“I don’t know what it is. I feel like a wreck. It’s been months since my divorce. I thought I was coping, but now I can’t stop crying. Why can’t I pull myself together??”
So many people underestimate the enormity of a divorce. The truth is, it’s right up there on the major life stressor scale, just beneath the death of a spouse. In my book, “Divorce 101: survive and thrive”, I talk about the stages of a divorce. I call the first stage of divorce “Hiroshima”, because that’s exactly what it can feel like – a nuclear rollercoaster cocktail of emotions. What is so interesting is that so many people judge themselves for feeling these so-called negative emotions. I speak to so many divorcees who say that they are scared to allow themselves to feel these emotions – they fear that if they start crying, they may never stop. I recall the early days after my own divorce – I judged myself for feeling angry and did anything that I could to distract myself from feeling sad. Actually – all that emotions need are airtime; a time and space to be attended to and befriended, instead of simply wishing them away. It’s okay to express emotions in a healthy way, to experience them and then to move through them. It becomes unhealthy when you find yourself stuck and unable to move from sadness or anger. A friend of mine put it so wisely: it’s okay to feel all of those so-called dark emotions, as long as you don’t make a campfire there.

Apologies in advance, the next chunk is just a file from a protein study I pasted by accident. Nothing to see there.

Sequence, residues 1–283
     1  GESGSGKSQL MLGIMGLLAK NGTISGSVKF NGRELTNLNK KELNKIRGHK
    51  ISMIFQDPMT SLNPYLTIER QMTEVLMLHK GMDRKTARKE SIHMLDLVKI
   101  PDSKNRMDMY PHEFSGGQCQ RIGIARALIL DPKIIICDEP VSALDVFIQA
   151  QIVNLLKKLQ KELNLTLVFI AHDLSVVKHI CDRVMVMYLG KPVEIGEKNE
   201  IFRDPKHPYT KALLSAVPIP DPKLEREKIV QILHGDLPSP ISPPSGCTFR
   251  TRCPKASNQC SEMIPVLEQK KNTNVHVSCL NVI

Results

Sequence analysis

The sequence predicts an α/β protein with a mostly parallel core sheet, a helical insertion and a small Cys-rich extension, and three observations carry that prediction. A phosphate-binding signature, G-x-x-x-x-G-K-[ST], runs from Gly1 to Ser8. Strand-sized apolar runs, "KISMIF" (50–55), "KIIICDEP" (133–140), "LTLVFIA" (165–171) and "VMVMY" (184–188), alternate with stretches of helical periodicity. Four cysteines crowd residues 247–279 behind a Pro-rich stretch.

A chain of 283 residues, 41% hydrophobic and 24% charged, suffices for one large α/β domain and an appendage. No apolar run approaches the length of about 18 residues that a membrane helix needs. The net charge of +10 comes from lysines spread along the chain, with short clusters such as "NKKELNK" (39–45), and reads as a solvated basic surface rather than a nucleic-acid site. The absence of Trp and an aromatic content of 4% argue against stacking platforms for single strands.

In my own experience, I reached a point where I felt unable to overcome my sadness. I cried for days on end. I was unable to see an end to my sadness and I really believed that my divorce was the end of my story. I chose to seek professional help and I can honestly say that in my case, anti depressant medication assisted me tremendously. Prior to taking medication, anxiety and depression were my constant companions and I was unable to sleep. The medication assisted me in feeling slightly more human – like the “edge” was taken off, and I was able to sleep again. The medication, however, was not enough.
A brave friend of mine, who risked giving me some tough love,assisted me in making a conscious choice to take steps towards choosing happiness. Each day, I would consciously schedule in time for at least one activity that would lift my spirits.
Once I was feeling more human, I had the strength to really look at myself and my situation and to do the work that I needed to do in order to rebuild my life. I realised that even though I was on the receiving end of an unwanted divorce, I could control the choices I made in rebuilding my life. I felt empowered and less like a victim of a choice that was made for me.
Recovering from a divorce is hard work. I learned to allow myself to feel, but not to the point where it paralyzed me. I learned to confront my fears head-on. I learned to love myself, to forgive myself and to forgive my ex spouse. I also learned that unless I did the work, I would find myself repeating the same movie in my future. I learned to look at myself with honest eyes and to take responsibility for what was mine. I learned that just because my marriage failed, I was not a failure. I learned to believe in myself.
Divorce can be a tough journey – you don’t have to deal with it on your own. Accept support and assistance wherever possible. A good coach, therapist or mentor cannot be underestimated. Empower yourself with knowledge and try speak to those who have survived….and thrived.
Divorce does not have to be the end. It can be the catalyst to an even better new beginning….if you allow it to.
For more insights, tips and information on divorce, purchase your copy of “Divorce 101: survive and thrive”.
Available in major bookstores and Takealot.com from early September. You can also email firstname.lastname@example.org to order your copy.